By Julian M Simpson
THE NHS turns 72 on Sunday (5). On such occasions, the role played in its history by migrants from South Asia and elsewhere is often marginalised.
Look at the timeline published on the BBC website for its 70th anniversary and you will get little sense of how dependent the institution has always been on its overseas workforce.
When the NHS was established in 1948, it was able to draw on the labour of doctors who had come to the UK as refugees from Nazi-dominated Central Europe and nurses from Ireland. It expanded in the 1960s and 1970s when thousands of south Asian doctors and nurses from the Caribbean treated patients. More recently, increasing numbers of nurses have come to these shores from the Philippines and doctors have migrated from the EU. This list of countries and geographical areas is, of course, not exhaustive. Nor should we forget the thousands of other healthcare workers, porters, cleaners and cooks who made their homes in the UK and worked for what might more appropriately be called the International Health Service.
It is often said that migrants have helped address staffing shortages. While not technically inaccurate, this line tells us little about why such gaps in the system appeared and persisted.
Governments across the years have promised to “train more doctors”, for instance, but we keep witnessing the same pressures on staffing in inner-city general practice and medical specialties deemed unglamorous in less affluent parts of the country.
To be blunt, there has always been an unbridgeable divide between what the white British-born population has wanted from the NHS and what jobs the white British-born population has been prepared to take on. That goes from the products of British medical schools being reluctant to practise as psychiatrists in the West Midlands in the 1960s (and emigrating to places such as the US, Canada, South Africa or Australia instead) to many white people finding the salaries and conditions attached to roles as nurses, cooks and cleaners unattractive in 21st century London.
This work done by generations of migrants should not be framed, as it often is when not simply ignored, as a “contribution”. A contribution implies something that could ultimately be done without. In fact, migrants have been essential to the NHS’s ability to deliver its core mission.
The National Health Service was ultimately established to widen access to healthcare and it was because of migrants that it succeeded in doing this.
When I researched my book, Migrant architects of the NHS, I interviewed 40 members of the first generation of south Asian doctors who worked as GPs in the NHS. I was struck that my research took me to places like the east end of London, inner-city Manchester and Birmingham, and the former coalfields of South Wales, Fife, and Yorkshire. The doctors I met did the sort of jobs that were core to the mission of the NHS: providing care in areas of high need, treating the most vulnerable, less affluent, sections of society, taking on some of the more high-pressure jobs.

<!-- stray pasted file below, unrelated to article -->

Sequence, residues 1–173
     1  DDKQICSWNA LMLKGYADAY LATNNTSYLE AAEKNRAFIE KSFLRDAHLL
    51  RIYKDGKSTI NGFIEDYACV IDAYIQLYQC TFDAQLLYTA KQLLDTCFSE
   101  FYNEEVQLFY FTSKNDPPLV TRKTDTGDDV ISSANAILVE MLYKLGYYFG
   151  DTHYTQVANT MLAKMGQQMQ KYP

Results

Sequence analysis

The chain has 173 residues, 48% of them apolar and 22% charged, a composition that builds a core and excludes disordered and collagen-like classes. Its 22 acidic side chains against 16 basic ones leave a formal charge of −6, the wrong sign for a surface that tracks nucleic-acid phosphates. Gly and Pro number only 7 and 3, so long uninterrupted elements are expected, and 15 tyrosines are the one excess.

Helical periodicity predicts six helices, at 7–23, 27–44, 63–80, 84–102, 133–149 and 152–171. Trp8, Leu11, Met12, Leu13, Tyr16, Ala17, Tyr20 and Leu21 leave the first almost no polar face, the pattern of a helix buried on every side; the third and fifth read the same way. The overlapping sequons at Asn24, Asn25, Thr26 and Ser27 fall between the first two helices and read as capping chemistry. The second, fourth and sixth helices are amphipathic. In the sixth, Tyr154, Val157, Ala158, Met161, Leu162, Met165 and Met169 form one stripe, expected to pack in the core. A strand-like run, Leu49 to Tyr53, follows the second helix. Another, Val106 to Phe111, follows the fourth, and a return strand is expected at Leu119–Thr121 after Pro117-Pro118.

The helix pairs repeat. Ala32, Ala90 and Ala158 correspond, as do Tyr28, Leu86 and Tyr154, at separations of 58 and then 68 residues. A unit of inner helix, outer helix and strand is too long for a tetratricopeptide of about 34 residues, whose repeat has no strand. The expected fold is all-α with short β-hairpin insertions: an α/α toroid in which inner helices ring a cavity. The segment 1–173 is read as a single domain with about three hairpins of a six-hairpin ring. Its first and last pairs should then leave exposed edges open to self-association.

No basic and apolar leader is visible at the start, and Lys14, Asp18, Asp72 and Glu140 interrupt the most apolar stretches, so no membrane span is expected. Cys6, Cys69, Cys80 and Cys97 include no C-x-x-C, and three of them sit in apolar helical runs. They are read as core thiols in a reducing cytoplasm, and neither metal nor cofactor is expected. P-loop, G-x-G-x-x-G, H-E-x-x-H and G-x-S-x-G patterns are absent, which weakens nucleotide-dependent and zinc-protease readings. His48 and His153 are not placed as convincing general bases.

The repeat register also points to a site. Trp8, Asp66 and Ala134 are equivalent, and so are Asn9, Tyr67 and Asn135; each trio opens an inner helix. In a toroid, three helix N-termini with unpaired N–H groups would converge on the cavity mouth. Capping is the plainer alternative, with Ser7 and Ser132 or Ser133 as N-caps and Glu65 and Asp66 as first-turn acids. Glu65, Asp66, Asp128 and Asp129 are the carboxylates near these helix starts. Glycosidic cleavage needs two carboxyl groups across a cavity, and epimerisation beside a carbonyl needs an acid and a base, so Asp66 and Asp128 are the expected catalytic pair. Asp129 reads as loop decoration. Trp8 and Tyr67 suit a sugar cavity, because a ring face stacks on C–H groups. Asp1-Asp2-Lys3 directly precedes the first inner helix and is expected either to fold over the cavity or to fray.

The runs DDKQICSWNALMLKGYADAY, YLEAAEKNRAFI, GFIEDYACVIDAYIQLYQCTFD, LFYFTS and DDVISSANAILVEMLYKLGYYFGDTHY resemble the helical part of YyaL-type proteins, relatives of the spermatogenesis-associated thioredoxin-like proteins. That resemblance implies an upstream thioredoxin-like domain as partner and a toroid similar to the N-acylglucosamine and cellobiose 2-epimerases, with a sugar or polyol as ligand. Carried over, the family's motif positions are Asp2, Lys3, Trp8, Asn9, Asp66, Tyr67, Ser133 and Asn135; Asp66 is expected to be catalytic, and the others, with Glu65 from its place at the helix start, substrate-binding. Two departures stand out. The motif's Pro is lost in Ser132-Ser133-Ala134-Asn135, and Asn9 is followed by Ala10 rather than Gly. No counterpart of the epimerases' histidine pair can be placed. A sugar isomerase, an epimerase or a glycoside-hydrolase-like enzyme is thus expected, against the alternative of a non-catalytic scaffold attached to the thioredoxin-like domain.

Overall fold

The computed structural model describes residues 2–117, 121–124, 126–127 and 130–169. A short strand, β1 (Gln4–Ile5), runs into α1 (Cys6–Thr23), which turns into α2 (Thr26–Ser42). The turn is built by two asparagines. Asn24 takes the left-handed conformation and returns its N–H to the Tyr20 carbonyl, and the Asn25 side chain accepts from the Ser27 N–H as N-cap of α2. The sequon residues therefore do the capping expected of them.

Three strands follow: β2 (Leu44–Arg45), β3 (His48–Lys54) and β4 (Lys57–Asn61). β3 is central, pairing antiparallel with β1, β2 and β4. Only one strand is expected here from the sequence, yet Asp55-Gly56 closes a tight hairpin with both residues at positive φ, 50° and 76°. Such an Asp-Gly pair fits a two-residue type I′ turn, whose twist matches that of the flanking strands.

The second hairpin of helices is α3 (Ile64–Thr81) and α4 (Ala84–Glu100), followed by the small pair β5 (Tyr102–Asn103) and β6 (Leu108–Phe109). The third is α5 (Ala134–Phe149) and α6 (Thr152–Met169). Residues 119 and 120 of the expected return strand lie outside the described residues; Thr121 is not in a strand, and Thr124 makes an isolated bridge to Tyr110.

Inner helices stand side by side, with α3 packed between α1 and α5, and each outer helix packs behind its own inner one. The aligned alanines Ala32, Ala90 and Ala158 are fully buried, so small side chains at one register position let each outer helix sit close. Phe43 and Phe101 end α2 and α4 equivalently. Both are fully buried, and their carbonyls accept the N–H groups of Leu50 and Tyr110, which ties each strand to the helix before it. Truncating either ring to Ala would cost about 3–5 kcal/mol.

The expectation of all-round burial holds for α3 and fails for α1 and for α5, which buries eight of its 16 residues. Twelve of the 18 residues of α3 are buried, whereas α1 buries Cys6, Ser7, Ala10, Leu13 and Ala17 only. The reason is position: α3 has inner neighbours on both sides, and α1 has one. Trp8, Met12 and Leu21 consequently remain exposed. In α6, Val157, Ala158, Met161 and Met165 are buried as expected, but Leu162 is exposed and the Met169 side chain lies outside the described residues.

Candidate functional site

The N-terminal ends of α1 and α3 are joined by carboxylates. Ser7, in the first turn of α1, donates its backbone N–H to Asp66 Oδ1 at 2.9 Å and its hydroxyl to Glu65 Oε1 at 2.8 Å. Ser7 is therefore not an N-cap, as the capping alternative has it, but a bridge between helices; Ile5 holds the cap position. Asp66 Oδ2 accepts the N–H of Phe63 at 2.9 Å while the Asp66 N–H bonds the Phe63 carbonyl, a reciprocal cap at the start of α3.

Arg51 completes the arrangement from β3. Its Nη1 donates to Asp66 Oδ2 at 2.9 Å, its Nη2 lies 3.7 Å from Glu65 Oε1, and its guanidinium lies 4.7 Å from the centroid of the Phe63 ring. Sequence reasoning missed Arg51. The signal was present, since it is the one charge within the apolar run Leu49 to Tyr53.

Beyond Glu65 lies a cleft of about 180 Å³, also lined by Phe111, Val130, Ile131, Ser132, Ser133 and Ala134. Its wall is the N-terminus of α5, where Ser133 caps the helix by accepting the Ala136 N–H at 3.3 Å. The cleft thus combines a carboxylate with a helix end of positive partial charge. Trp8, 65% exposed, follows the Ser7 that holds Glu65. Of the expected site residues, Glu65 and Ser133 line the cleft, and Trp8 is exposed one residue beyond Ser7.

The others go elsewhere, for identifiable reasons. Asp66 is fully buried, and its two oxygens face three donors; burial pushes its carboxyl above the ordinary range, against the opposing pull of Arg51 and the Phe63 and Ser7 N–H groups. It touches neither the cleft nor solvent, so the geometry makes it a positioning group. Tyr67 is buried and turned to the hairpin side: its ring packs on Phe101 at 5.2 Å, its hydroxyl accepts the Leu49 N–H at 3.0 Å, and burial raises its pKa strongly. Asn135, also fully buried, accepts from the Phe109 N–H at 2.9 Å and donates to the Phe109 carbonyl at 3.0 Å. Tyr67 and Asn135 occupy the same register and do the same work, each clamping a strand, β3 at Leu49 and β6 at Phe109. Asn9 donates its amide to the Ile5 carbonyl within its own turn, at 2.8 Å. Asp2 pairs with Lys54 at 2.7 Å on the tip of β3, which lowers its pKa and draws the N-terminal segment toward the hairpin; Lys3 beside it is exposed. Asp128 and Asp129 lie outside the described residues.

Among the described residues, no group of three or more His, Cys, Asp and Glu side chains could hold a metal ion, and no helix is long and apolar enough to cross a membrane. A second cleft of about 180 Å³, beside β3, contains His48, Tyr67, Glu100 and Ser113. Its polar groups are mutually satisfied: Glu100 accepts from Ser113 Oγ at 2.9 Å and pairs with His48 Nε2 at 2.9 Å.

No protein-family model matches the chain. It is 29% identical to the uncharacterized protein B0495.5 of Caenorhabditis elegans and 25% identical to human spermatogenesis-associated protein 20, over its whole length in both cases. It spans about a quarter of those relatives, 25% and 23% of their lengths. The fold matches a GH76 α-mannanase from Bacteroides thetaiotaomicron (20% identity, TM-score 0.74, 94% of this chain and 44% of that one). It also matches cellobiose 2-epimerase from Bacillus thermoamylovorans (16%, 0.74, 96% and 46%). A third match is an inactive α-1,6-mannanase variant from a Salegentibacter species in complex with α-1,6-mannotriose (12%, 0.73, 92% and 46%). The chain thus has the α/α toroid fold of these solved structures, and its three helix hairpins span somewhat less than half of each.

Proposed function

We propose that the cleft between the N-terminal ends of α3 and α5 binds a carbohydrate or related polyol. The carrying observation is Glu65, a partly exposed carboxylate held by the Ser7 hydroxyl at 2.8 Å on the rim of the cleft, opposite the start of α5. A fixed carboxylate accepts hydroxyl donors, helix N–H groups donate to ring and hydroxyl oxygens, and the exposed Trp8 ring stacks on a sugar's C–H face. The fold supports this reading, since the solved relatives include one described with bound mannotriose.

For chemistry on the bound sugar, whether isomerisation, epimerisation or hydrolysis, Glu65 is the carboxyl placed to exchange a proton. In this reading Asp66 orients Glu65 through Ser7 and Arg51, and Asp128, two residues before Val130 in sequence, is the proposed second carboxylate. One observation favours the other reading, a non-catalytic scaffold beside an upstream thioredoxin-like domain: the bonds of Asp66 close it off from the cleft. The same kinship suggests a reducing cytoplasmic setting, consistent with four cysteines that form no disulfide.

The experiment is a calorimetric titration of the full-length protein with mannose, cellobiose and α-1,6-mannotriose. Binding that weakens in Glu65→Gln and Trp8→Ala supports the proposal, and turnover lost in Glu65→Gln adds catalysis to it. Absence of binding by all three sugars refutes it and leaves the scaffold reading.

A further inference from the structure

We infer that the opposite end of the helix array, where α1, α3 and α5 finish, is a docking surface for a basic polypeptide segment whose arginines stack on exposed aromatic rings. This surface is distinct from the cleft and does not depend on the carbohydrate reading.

The same pattern can be observed in other fields of medicine and other professions. It’s what I’ve described as the ‘migrant care law’: the greater the need for healthcare, the likelier it is the person delivering it will be a migrant.
Migrants have allowed the NHS to develop and have shaped it through their work and their initiatives in hospitals and surgeries across the UK. In many cases, they came from countries that were formerly part of the British Empire.
The fact that 30,000 NHS staff in England (including 10,000 hospital doctors) are Indian or Pakistani cannot be disentangled from the legacies of the Raj. The professional trajectories of migrants have been shaped by racism, professional discrimination, and their own agency: the tougher roles are also the ones that offered opportunities when career progression was barred elsewhere. It should come as little surprise in such a context that migrant and ethnic minority workers have been disproportionately affected by the Covid-19 outbreak.
Britain pays lip service to the fact that the NHS depends on overseas staff, but their history within the organisation remains largely hidden. Back in 1989, the African-American rapper Chuck D famously proclaimed that ‘Most of my heroes don’t appear on no stamp.’ Those words still resonate today.
Perhaps the Royal Mail could commission a stamp to mark the 75th anniversary of the NHS by honouring the migrant workers who have been its architects?
A number of plinths also look set to be vacated over the coming months and years as Britain undertakes a long-overdue reckoning with its past.
Our national conversation about immigration would surely be enhanced if one of them could be used to portray the role played by generations of migrants in making a national institution what it is today.
Julian M Simpson is a writer, researcher and translator based in the North of England. He is the author of Migrant architects of the NHS: South Asian doctors and the reinvention of British general practice which has just been published in paperback by Manchester University Press.